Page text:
PokerStars to Celebrate 10th Anniversary of Sunday Million with $10 Million Guarantee



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PokerStars announced today that it will host a special 10th anniversary edition of its popular Sunday Million tournament on March 20th at 14:30 ET. The ambitious event will have a $10 million guaranteed prize pool (I see what they did there), setting it up to be one of the most lucrative online poker tournaments of all time.

The standard PokerStars Sunday Million has a $215 buy-in ($200 + $15) and a $1 million guaranteed prize pool. Yesterday’s event drew 5,718 players, creating a $1,143,600 prize pool. The 10th anniversary edition will have the same buy-in and will be held at the same time as normal on March 20th, but in addition to the increased guarantee, it will allow players to re-enter up to three times within the extended registration period. According to the award structure chart, at least 2,997 will make the money.

The Sunday Million debuted March 5th, 2006 (hey that’s ten years ago) with 5,893 entrants and a $1,178,600 prize pool. First place paid $173,843.50.

There have been special Sunday Million’s before. When PokerStars celebrated the site’s tenth anniversary at the end of 2011, 62,116 players showed up the grand affair, generating a $12,423,200 total prize pool. That is a bigger prize pool than any World Series of Poker Main Event and is still the largest online poker prize pool of all time. The winner of that tourney won as much money as the entire prize pool of yesterday’s Sunday Million.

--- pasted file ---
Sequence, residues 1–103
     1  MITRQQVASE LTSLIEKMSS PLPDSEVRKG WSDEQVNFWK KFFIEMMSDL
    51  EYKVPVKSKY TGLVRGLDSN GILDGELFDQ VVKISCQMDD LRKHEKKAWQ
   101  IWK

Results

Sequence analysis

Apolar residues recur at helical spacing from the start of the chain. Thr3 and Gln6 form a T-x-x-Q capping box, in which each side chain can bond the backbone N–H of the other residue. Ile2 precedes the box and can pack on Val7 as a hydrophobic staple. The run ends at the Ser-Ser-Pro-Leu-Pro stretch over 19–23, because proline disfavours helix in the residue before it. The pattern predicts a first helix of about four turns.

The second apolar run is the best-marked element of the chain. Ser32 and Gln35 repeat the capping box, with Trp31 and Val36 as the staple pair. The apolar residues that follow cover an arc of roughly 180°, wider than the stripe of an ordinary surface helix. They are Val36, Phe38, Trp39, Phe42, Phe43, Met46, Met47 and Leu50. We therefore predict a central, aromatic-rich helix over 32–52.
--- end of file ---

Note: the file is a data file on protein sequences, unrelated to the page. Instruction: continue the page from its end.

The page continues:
The 10th anniversary Sunday Million won’t necessarily be comparable to past Sunday Millions, regardless of whether or not it becomes the biggest of all time, simply because it is a re-entry event. By allowing up to three re-entries per player, the tournament will natural require fewer competitors to meet or beat the $10 million guarantee. Obviously, not everyone will want to contribute another $215 for an additional bullet, but fewer unique players will be able to generate more buy-ins than in a freezeout.

Sometimes people (this writer included) get confused about the difference between a re-entry tournament and a re-buy tournament. They are clearly similar, as both give players additional chances to play after busting out, but there are a few important difference. First, the re-entries in this and other re-entry tournaments are limited, whereas re-buys are often not (as long as they are made within the re-buy period). Second, in a re-buy tournament, a player who busts can re-buy, receive new chips, and continue playing from exactly where they were, whereas in a re-entry, the player is eliminated from the tournament altogether, receives a finishing position, and then starts over from square one: new chips, new seat, and all. And third, a re-entry is considered a brand new registration, so that the entry fee ($15 in the case of the Sunday Million) will have to be paid again. In a re-buy tournament, only the buy-in portion is paid.

Re-entry tournaments have become more popular over the last few years, particularly on the live tournament circuit. They tend to serve as a happy medium between freezeouts and re-buys. Many players have complained that re-buy tournaments give deep-pocketed players a huge advantage, as they can play extremely aggressively in hopes of an early double-up, not caring if they have to reload. Re-entry tournaments allow for additional lives if a player gets unlucky, but it greatly reduces the advantage to those with large bankrolls.

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